Sticking Point: Lockout

1) Board Press @ Sticking Point

Sets and Reps: 3 sets and 5 reps

The board press is one of the most effective exercises to directly train your own personal sticking point. It’s most common to use a stack of actual wood boards, but you can get by with a good spotter and a few light plates. Set up on the bench in a strong position and have your spotter place the stack on your chest. Bring the bar towards your chest like normal. This time, your range will be limited by the height of the boards. Tap the boards, then explode to lockout. The stack height depends on you’re sticking point, but it’s hard to go wrong with a two or three board height.

 

 

 

2) Close Grip Bench Press

Sets and Reps: 2 sets and 12 reps

Close grip bench not only builds strong triceps, but it also helps saves your shoulders. On that note, if you’re ever concerned about your shoulders you should consider narrowing your hand position. Set up exactly as you would during a normal flat bench press, but narrow your grip by at least one hand-width on each side – that’s a good starting position for anyone new to close grip pressing. Other than the change in grip width, crank out the reps just like you would with any other pressing variation. But don’t cheat them – make sure you’re getting the full range of motion.

 

 

  

3) Weighted Dips

Sets and Reps: 3 sets and until failure 

I couldn’t resist double dipping. As described above, dips are great for both chest and triceps strength. Perform them following the description from the chest sticking point workout and use the same cues.

 

 

4) Heavy Lat Pulls

Sets and Reps: 4 sets and 6 reps 

I know, I know – lat pulls aren’t for the triceps. But after four tough triceps exercise I’m thinking you could use a break. And as we discussed in the first workout, it’s always beneficial to build a strong upper back. Set up on a lat pulldown machine with a medium grip. Pull the bar down somewhere between your chest and your chin, pause and squeeze for a brief second, then return to the start. Keep your butt flat on the bench and try to maintain a straight torso throughout the movement – this should help ensure that your upper back and lats are the ones doing the real work.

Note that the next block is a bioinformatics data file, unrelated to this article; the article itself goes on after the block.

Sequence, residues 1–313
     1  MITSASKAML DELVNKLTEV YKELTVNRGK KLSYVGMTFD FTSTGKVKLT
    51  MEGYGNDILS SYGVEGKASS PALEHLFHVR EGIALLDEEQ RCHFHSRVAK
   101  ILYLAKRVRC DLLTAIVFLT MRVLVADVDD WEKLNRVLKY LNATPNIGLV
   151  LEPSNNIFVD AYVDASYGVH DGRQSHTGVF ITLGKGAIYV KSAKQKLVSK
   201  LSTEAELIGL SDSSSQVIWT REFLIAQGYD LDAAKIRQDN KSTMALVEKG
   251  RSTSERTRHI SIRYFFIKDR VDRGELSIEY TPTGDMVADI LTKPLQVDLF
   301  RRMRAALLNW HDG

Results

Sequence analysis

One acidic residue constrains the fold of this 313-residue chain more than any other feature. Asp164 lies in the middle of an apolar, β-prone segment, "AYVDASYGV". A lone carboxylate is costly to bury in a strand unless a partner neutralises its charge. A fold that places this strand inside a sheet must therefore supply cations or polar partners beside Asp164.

5) Band Resisted Pushup

Sets and Reps: 3 sets and until failure

Sometimes I feel like I talk way too much about pushups, but that’s crazy. If you’re not doing pushups…well, you’re missing out. Today, we’re going to work with the band-resisted pushup. Grab a resistance band – start with the easiest and increase difficulty as you go – and swing it around your back. Grab the loose end with your other hand and drop into a pushup position. The band should lay across your upper back without much trouble. From here it’s just another pushup. The band is going to add resistance towards lockout so make sure you push all the way through – that means both arms fully extended. Use a more tense band or switch to a tougher pushup variation to increase difficulty.

 

 

- Team Supplements.co.nz

 

**The information on this site is for informational purposes only and is not intended as a substitute for advice from your physician or other healthcare professional or any information contained on or in any product label or packaging. Before starting any new exercise program we recommend consulting your doctor first.**